Thursday, 4 March 2021

As we all know by now, a pandemic isn't just a health challenge; it's also an economic challenge. Since the coronavirus pandemic hit, Americans' biggest financial regret has been not having enough emergency savings. Looking ahead, respondents to the same survey said their biggest financial goal is to pay off debt.

Clearly, the pandemic has made many of us rethink our financial habits and situations, and saving and paying off debt are both important financial goals. However, which one should be your top priority?

The right answer may depend on your particular situation. In some cases, paying down debt should be first on your list, while in other cases, saving should take top priority. The best of both worlds is figuring out how to do both at the same time. Here's how to figure out which path will work for you.

When to prioritize saving

If you have little to no emergency savings, it's wise to focus on saving before getting out of debt. That's because if you are faced with a financial emergency and have no savings, you'll probably have to take on more debt to manage the crisis. However, if you have emergency savings set aside, you can manage an unexpected expense or emergency without adding more financial stress.

Another reason to prioritize saving is if you have an employer-matched retirement savings plan. If your employer will match your contributions to your 401(k) up to 5 percent of your salary, for instance, you should do everything you can to contribute at least 5 percent to retirement savings. If you don't, you're leaving free money on the table.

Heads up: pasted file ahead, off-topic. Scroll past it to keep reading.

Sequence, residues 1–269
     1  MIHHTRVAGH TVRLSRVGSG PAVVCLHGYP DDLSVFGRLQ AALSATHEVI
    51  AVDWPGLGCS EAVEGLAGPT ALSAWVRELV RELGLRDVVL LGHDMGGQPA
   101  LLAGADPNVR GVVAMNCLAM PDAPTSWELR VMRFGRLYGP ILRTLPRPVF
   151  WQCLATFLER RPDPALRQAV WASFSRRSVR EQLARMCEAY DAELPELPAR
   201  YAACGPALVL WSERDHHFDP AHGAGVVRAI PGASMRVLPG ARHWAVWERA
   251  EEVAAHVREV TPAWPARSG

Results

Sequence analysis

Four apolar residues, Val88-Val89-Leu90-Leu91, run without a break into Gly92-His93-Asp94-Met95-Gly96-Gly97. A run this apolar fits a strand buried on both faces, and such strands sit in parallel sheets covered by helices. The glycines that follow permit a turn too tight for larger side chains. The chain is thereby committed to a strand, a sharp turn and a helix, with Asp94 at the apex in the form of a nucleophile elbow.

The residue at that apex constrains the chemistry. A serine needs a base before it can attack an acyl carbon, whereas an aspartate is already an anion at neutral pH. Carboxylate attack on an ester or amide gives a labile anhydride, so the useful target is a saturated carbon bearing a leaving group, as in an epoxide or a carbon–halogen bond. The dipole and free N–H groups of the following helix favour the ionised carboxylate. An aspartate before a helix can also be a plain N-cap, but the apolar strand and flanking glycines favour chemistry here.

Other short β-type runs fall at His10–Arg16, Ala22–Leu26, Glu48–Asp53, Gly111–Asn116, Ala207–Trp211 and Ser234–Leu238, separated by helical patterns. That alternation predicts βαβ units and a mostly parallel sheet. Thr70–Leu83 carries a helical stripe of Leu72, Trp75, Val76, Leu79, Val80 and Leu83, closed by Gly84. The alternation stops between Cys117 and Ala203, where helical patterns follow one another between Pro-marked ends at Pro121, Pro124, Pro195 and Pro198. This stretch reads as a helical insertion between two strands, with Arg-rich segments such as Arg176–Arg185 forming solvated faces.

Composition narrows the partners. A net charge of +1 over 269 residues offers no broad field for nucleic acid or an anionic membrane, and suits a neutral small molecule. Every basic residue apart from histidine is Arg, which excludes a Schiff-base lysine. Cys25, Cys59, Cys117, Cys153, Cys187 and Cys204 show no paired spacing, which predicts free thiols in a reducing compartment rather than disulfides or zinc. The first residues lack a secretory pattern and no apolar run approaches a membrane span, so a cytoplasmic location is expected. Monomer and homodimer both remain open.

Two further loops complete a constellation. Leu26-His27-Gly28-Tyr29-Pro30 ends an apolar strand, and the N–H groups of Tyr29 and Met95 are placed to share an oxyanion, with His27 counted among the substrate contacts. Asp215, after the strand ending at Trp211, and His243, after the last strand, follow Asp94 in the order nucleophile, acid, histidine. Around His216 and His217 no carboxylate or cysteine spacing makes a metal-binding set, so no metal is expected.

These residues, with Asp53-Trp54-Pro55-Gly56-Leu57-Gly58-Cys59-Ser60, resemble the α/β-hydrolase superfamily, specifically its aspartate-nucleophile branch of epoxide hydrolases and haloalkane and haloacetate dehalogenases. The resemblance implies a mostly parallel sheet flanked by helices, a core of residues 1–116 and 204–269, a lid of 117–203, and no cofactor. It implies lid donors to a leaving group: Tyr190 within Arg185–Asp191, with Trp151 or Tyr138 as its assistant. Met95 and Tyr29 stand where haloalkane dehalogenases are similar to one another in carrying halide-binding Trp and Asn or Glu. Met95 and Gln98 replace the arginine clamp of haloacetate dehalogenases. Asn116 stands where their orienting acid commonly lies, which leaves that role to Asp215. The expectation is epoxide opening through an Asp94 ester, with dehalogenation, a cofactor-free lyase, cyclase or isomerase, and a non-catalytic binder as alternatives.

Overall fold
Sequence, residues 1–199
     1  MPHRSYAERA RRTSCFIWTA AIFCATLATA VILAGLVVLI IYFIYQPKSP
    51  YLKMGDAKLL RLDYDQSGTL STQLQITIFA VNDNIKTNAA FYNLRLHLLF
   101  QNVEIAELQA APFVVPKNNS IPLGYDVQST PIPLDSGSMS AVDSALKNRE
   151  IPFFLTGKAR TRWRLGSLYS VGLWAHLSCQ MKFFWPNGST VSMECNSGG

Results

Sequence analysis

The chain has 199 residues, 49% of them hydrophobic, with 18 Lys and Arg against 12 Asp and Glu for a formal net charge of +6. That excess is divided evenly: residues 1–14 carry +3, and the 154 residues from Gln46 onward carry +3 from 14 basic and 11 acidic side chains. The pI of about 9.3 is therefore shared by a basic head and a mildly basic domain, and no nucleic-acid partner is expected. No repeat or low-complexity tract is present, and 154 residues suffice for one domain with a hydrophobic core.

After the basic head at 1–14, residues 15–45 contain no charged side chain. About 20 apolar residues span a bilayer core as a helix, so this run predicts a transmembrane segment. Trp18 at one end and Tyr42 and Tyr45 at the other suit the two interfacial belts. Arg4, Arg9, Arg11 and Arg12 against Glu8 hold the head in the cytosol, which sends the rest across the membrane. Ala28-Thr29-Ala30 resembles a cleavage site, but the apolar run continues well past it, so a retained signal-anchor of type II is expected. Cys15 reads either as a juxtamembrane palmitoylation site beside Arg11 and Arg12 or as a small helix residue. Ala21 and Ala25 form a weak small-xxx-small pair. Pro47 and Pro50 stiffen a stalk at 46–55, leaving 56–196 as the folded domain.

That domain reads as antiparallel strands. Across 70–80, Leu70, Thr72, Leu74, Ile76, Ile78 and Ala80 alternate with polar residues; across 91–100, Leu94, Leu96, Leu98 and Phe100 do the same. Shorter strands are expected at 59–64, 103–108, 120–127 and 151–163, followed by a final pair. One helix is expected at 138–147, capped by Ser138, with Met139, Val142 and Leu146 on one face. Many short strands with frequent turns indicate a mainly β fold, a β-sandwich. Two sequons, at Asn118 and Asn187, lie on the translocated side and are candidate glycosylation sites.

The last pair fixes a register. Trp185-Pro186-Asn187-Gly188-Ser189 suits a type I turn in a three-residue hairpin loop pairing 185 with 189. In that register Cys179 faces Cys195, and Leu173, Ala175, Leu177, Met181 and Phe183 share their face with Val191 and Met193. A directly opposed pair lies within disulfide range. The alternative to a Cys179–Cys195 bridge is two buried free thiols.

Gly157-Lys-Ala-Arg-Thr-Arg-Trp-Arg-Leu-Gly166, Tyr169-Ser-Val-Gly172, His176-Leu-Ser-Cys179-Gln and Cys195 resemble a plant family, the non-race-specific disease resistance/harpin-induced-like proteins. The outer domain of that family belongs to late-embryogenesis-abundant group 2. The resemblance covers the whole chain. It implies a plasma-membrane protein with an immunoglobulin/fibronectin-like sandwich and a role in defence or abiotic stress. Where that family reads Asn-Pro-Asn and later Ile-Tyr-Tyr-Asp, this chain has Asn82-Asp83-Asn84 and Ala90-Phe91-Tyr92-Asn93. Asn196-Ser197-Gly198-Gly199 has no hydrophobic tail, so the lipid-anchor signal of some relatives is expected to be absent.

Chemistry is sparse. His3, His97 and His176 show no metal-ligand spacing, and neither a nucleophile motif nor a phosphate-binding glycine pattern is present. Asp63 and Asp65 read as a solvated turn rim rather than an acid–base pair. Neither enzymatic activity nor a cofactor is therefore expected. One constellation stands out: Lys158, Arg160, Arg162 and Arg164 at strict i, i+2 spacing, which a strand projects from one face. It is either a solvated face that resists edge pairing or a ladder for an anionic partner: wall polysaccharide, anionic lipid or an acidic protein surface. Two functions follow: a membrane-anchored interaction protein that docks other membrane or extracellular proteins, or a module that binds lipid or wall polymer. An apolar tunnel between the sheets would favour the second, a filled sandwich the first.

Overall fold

Also, if your debt is at a very low interest rate, saving first may be the best decision. Currently, certain interest rates are historically low enough, so if you're paying very little interest on your debt, it may be worthwhile to focus on saving money before getting out of debt.

When to prioritize paying down debt

If you have consumer debt with a relatively high interest rate, such as credit card debt, you should prioritize paying it off. Lowering or eliminating your interest payments will put more money in your pocket than you'd make in the stock market or in a savings account. When you've freed up your funds by no longer paying interest, you'll be better able to focus on savings.

How to do both

Ideally, if you have consumer debt and little savings, you could prioritize both saving and paying down debt at the same time. The best way to do this is to create a budget that includes all your monthly and occasional expenses. Look for ways to trim the budget and free up extra money, such as cutting a streaming service, converting to a cheaper phone plan, and biking instead of driving.

When you have gotten your expenses as low as possible, include monthly line items for debt repayment and small contributions to savings. As you pay down debt, take the money you're saving on interest and add it to your savings contributions. Over time, and with discipline, you can accomplish both goals of building savings and getting out of debt.

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